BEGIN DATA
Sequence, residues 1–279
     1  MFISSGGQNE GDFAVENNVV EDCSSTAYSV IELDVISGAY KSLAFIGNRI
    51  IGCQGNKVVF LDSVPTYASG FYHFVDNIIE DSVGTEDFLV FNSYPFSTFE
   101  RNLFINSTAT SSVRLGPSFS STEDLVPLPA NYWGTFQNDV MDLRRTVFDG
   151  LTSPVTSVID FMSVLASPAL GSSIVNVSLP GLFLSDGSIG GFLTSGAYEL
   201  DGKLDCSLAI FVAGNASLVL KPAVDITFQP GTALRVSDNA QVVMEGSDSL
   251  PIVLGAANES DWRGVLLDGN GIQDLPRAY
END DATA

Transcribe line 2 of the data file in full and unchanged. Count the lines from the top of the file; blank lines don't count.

     1  MFISSGGQNE GDFAVENNVV EDCSSTAYSV IELDVISGAY KSLAFIGNRI